You just acquired a new Paul Reed Smith baritone guitar. Will you be taking it out, too?
"Yeah, that one just came in. It's a signature model, but it's a one-off baritone. It has my name, so it's made for me; they won't be doing any more versions of it. It was a pretty big deal for them to make it. I'm really psyched – it's absolutely beautiful."
Back in March, you posted a picture of a new baritone that PRS sent you. I was wondering how much you’ve used that instrument on this album, and what other tunings were used? I actually have two baritones, and the first one that I got from PRS is the one that we tracked with. The newer one had some electronic issues, and I had to send it back during the recording; so I used the original one. I’ve used that on all of the low-tuned songs – we’re down a step and a half, so it makes it easier to keep in tune. It’s a really solid recording guitar and it sounds great. The only things I can’t really do are the solos on that guitar. When I’m playing live, I use my signature guitar since most of the songs have solos, and it’s really hard to bend those big baritone strings. A whole step and a half or two steps down just makes it impossible on a baritone.
Guitarist Mark Tremonti is a dyed-in-the-wool amp nerd. Plus, he isn’t afraid to step away from the boutique side of things and use more affordable (and available) amps in his backline.
Fender ’65 Twin Reverb Reissue
I’ve never actually played an original, to be honest. Ever since I started touring, I needed that clean tone. I bought a Fender Twin, and I’ve never been able to replace it. I’ve tried Matchless, Roland, and AC30s, but every time I just go back to the Twin. It’s got that super-high chimey sound. Since I use my fingers a lot, I like my clean sound to be really bright. It’s totally stock. There’s just something about that open-back 2x12 combo that I’m really used to.
Mesa/Boogie Triple and Dual Rectifier
I first tried a Triple Rectifier when I worked for a couple of months at a guitar shop in Tallahassee called Main Street Music. They were the high-end amp dealer in town. Mesas really shine in the live setting. You can’t really get them up to the volume they need to be in a guitar store. There’s no amp I’ve played that gets that chunky, crisp rhythm sound. The first Mesa I had was a Dual Rectifier. I have four or five of them, and they are still my favorite tonally, but I use the Triple Rectifiers live for more headroom.
My favorite Bludotone is the “’70s circuit Dumble-style” amp. It’s that on-the-edge, expressive, upper-midrange sound. It sounds like it’s about to blow. Some of my favorite tones I’ve ever found on YouTube come from that circuit. Brandon from Bludotone does a really nice version of it. The ’70s circuit is a rawer, edgier sound than my Dumble. The Dumble has a much smoother sound. I have Bludotones that emulate that, but I like the ’70s circuit just for that unique tone. I have four Bludotones at home, and I sometimes get on the phone with Brandon for hours to talk amps. Every time we talk, we try to come up with a new project. I’m talking with him now about doing a 1x12 combo with a built in Loop-a-Lator.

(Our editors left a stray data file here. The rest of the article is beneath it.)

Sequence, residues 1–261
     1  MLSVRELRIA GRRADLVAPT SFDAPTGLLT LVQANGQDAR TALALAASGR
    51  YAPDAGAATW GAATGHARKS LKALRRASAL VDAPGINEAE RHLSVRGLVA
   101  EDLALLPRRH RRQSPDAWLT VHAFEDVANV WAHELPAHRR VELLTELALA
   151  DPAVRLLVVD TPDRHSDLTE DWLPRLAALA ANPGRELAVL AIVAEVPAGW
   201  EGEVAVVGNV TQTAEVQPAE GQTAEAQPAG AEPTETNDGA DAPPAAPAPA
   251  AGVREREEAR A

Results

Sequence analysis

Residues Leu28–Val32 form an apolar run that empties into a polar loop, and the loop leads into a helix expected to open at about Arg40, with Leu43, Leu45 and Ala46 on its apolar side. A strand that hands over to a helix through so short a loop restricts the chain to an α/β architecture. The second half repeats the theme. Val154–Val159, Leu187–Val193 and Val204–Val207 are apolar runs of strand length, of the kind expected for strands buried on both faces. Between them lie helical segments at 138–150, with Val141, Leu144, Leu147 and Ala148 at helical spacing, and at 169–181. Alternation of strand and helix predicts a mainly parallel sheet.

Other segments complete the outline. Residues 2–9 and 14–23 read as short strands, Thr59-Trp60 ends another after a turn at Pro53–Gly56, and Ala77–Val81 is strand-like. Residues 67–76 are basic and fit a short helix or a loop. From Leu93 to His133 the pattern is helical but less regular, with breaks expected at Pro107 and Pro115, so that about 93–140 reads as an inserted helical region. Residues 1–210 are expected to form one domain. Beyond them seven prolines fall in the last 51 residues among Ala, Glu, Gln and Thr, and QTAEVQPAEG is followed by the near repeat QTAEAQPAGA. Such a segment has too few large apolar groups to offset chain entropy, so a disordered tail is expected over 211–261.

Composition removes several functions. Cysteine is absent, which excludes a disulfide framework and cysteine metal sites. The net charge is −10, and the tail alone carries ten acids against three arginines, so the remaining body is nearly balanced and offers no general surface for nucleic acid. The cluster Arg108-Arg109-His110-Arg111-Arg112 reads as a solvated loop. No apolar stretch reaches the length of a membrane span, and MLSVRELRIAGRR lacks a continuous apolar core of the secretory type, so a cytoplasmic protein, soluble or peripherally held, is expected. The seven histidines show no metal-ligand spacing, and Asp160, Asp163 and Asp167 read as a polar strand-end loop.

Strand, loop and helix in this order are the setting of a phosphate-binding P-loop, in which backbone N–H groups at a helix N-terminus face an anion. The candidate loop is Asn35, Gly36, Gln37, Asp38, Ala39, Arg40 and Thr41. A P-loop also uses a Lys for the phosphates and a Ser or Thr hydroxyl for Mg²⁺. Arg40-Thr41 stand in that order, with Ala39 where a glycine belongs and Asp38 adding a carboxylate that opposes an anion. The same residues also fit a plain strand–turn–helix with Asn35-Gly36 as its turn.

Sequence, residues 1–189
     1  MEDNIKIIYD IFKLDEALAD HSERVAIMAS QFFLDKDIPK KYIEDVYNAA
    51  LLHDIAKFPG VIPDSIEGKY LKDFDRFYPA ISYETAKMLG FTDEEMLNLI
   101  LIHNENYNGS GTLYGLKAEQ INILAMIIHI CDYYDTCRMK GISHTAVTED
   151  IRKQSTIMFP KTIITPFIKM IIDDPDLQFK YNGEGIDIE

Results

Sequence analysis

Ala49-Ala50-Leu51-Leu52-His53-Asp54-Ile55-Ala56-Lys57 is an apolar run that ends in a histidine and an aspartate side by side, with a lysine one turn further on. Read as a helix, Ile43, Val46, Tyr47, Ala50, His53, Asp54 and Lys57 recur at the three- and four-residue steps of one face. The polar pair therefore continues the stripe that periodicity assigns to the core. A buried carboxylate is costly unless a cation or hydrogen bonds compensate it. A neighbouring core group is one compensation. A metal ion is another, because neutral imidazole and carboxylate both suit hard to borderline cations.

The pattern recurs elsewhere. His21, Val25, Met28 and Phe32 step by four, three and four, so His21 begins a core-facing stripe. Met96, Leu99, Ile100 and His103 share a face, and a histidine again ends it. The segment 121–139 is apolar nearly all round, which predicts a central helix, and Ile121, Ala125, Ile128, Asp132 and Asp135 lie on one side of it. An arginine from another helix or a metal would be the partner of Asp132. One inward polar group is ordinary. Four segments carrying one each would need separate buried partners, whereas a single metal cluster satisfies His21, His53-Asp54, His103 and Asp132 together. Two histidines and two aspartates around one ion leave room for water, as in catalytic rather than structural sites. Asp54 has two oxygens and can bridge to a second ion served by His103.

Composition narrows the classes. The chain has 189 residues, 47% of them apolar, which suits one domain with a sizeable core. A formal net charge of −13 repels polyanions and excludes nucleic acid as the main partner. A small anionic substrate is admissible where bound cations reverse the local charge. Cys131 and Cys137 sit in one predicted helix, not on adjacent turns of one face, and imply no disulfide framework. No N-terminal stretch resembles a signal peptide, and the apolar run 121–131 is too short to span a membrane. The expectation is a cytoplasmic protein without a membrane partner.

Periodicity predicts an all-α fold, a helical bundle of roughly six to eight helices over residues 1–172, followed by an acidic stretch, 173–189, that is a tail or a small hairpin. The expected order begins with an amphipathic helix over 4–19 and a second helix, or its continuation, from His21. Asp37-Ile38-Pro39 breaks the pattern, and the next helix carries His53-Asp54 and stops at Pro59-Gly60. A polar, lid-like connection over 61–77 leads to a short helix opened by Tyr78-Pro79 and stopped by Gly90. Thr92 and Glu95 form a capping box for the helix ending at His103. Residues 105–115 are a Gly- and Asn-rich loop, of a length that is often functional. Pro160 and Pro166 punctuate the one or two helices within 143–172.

Cornford Ritchie Kotzen RK100
They loaned me one, just to get used to it, and I liked it a lot. The one that I eventually got was so much better sounding than the one that they loaned me. It’s just one of those special amps. The RK100 is another amp where you can twist the knobs any way you want, and it’s going to sound great. It sounds so rich, and it does rhythm and lead equally well. It’s hard to find amps that do that. The only amp that I’ve seen that can do that as well as the Cornford is the new PRS Archon. Most of the rhythm and lead stuff on the new Alter Bridge record and my solo album was recorded with the RK100.
Dumble Overdrive Special
I’ve had it for a couple years now, and it’s everything it’s cracked up to be. You can buy one for $100K, but it’s hard to find one for a reasonable price, so I got lucky. I use each amp for a specific reason. With the Dumble, I don’t switch channels—I just set it one way and play. I don’t need a clean, dirty, and lead tone out of each amp when I’m in the studio.
The first time I ever played one was when I was doing a show with Paul Reed Smith at NAMM. He had about eight amps onstage, and I saw the Dumble and immediately plugged in. It sounds good wherever it’s set. It has this magic to it. It’s very expressive and sensitive to your pick attack, and every note just sings. It has that blooming sound. My Dumble is #281, so it’s relatively recent—probably made in the last five years.
I would never take it on the road. The funny thing is, I haven’t really featured it on the studio albums too much. The stuff we do is more aggressive, though I think I used it a little bit mixed in with my lead tone on the latest Alter Bridge album. I just took in three or four of my favorite amps and left it up to the producer to mix and match tones. It’s on some of the more subtle stuff, like “Bleed it Dry.”
I think my favorite tone video that I’ve seen online is from a 1979 Dumble called “Low Tuned Slide.” It’s just amazing.
If you want a 100% answer on if it was used, ask him on twitter. He is really good at replying. He just replied to a dude who wanted to know if the signatures were real on a Creed weathered CD he was planning to buy.